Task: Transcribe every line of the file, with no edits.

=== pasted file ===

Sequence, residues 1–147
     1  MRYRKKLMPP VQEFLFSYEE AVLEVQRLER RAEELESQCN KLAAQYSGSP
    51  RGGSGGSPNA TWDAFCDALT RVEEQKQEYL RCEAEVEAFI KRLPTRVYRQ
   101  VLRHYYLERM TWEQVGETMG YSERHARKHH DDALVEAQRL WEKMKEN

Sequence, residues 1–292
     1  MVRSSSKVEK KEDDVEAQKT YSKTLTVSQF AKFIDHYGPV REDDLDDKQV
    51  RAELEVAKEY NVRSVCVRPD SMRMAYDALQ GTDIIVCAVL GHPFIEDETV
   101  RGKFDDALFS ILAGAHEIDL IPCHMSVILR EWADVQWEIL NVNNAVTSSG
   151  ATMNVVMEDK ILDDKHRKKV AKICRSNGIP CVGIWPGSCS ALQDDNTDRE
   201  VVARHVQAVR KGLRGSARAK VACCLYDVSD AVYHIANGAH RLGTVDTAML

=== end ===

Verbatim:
Sequence, residues 1–147
     1  MRYRKKLMPP VQEFLFSYEE AVLEVQRLER RAEELESQCN KLAAQYSGSP
    51  RGGSGGSPNA TWDAFCDALT RVEEQKQEYL RCEAEVEAFI KRLPTRVYRQ
   101  VLRHYYLERM TWEQVGETMG YSERHARKHH DDALVEAQRL WEKMKEN

Sequence, residues 1–292
     1  MVRSSSKVEK KEDDVEAQKT YSKTLTVSQF AKFIDHYGPV REDDLDDKQV
    51  RAELEVAKEY NVRSVCVRPD SMRMAYDALQ GTDIIVCAVL GHPFIEDETV
   101  RGKFDDALFS ILAGAHEIDL IPCHMSVILR EWADVQWEIL NVNNAVTSSG
   151  ATMNVVMEDK ILDDKHRKKV AKICRSNGIP CVGIWPGSCS ALQDDNTDRE
   201  VVARHVQAVR KGLRGSARAK VACCLYDVSD AVYHIANGAH RLGTVDTAML